Across their entire history, British Sea Power have taken a broad and panoramic perspective that's drawn on historical events while mirroring the ageless wonders of the natural world.
Let The Dancers Inherit The Party's twelve songs cover subject matters ranging from the stars in the night sky to the methodology of media manipulation.
Both consistently contemporary and consistent in mood, the album alludes to a world full of chaos and disorder whilst seeking to answer that world with optimism and hope.
British Sea Power guitarist Martin Noble says of the album:
"It was made to a background of politicians perfecting the art of unabashed lying, of social-media echo chambers, of click-bait and electronic Tonka Toys to keep us entertained and befuddled.
"All this can easily make the individual feel futile. But I think we've ended up addressing this confusion in an invigorating way, rather than imprisoning the listener in melancholy.
"Musically, it"s our most direct album and maybe the first one where we maintain a coherent mood from start to finish. Perhaps a little clarity isn't a bad thing at this point.
!There wasn't a plan to create an album with any particular subject matter but we've kind of ended up with a case of "think global, act local" – an album where individuals are dealing with their domestic and personal lives against a background of uncontrollable international lunacy."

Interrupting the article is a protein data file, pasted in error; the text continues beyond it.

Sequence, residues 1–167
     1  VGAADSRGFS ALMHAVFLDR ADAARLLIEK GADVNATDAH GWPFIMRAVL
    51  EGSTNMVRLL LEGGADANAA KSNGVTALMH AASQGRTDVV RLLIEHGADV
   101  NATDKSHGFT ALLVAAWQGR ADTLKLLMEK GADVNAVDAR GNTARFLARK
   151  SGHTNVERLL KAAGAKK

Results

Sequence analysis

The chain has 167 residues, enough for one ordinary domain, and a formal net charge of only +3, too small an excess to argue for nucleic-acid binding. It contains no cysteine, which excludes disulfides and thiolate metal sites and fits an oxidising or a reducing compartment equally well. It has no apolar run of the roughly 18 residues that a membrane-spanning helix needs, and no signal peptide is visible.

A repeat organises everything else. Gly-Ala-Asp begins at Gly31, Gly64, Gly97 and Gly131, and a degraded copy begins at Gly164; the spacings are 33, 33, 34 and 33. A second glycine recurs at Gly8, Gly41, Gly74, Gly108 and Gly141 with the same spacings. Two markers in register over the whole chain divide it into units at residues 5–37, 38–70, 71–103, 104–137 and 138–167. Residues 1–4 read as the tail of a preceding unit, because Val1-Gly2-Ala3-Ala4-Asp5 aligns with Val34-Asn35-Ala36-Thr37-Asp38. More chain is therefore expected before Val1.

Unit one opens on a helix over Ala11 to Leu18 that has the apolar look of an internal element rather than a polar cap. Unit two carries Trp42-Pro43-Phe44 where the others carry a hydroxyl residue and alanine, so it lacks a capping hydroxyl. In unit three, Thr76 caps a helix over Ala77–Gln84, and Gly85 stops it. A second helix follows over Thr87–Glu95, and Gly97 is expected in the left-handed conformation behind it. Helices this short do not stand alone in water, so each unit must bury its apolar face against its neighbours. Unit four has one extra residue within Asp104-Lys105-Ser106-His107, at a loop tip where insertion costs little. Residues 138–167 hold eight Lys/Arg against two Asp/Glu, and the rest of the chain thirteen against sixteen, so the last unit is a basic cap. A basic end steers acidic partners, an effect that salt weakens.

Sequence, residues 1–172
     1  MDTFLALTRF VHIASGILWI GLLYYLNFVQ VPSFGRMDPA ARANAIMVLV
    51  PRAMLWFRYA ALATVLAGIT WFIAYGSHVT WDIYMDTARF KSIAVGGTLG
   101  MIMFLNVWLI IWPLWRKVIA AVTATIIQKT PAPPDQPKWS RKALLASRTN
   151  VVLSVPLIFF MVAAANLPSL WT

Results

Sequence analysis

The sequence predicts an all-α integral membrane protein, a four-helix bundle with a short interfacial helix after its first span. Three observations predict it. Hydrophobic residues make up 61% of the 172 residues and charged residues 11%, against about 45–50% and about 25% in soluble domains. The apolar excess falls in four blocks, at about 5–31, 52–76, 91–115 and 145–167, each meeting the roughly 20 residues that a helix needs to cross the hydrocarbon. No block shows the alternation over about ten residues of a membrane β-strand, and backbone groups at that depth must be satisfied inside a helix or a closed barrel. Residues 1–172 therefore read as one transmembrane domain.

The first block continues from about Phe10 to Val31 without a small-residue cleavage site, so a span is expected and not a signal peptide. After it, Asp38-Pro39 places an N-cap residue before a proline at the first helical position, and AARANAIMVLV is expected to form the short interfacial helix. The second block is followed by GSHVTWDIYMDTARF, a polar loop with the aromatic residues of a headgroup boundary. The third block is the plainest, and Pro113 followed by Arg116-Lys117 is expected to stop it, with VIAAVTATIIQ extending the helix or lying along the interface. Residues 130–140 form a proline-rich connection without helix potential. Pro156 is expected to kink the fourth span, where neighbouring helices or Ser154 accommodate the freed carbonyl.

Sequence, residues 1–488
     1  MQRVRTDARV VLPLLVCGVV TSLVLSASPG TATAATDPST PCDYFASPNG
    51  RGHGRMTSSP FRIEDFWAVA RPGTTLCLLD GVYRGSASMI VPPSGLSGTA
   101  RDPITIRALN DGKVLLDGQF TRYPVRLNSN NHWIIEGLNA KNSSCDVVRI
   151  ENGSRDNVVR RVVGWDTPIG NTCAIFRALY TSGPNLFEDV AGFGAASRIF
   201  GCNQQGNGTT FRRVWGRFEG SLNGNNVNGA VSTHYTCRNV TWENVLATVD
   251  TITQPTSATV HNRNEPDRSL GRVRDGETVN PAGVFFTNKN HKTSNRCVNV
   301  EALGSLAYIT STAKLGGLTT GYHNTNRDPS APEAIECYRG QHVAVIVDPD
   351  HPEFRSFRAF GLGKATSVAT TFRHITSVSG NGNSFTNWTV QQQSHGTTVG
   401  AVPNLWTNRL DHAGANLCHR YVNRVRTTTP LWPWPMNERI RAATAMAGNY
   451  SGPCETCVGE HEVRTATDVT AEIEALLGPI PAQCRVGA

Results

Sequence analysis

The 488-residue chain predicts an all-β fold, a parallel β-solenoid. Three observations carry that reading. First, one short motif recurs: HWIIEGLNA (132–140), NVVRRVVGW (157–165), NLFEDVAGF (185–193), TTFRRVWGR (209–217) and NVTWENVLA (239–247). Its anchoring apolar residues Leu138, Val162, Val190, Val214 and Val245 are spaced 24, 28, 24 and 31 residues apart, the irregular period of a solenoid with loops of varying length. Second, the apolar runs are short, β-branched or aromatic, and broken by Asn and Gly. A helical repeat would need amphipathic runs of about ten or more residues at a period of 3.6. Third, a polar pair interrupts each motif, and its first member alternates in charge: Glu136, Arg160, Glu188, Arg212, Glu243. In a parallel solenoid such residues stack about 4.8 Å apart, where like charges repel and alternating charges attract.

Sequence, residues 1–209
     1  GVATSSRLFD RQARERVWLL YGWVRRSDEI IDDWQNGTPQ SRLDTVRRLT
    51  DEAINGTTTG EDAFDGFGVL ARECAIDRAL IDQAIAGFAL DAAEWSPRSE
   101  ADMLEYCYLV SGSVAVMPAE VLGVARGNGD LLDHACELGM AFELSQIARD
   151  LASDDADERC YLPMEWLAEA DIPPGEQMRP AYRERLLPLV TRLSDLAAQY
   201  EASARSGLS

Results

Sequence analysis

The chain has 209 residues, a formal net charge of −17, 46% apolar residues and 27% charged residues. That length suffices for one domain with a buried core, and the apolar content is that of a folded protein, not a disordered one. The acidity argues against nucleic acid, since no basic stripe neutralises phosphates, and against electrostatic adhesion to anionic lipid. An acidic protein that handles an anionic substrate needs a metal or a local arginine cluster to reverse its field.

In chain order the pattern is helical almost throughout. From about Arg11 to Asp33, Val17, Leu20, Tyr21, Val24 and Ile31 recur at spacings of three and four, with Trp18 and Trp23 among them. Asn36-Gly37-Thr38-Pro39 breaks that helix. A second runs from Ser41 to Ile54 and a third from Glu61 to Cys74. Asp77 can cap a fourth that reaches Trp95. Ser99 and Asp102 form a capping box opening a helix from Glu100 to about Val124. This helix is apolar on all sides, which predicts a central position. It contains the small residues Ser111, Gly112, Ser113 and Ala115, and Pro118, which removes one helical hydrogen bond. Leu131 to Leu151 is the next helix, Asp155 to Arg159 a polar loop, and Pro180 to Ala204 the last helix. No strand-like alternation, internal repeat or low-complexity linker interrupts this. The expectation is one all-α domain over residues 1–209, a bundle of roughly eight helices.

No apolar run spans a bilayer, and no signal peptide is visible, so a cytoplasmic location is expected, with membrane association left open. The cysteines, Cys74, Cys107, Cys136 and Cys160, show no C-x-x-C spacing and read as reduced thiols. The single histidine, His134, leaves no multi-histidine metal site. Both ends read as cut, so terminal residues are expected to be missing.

Recorded in Sussex, London and on the Isle of Skye, it follows the band's five studio albums for Rough Trade Records – a catalogue of releases that saw BSP become the longest continually-signed band in the label"s history.
The recording of the album was funded by the band's dedicated audience. Money was raised via a multi-faceted programme with pledges ranging from pre-orders for a limited-edition box-set version of the album to paying £1,500 for a tattoo that gives entry to all future BSP shows.
Let The Dancers Inherit The Party follows on from the 2013 album Machineries Of Joy.
The album sleeve features typography influenced by the German Dadaist artist Kurt Schwitters
, whose work BSP's two vocalists, Yan and Hamilton Wilkinson,
discovered while growing up on the edge of the English Lake District.
Schwitters fled Nazi Germany in the 1930s and ended up living in the Lakes, where examples of his work now reside, including at Abbot Hall Gallery in Kendal.
BSP have long used Schwitters' sound-poetry recordings in their live shows and, in 2013, Yan created a Schwitters soundscape for Tate Britain. The Schwitters link hints at BSP"s ongoing fondness for continental Europe.
British Sea Power's 'Let The Dancers Inherit The Party' is released on 31st March 2017. CLICK HERE for more info.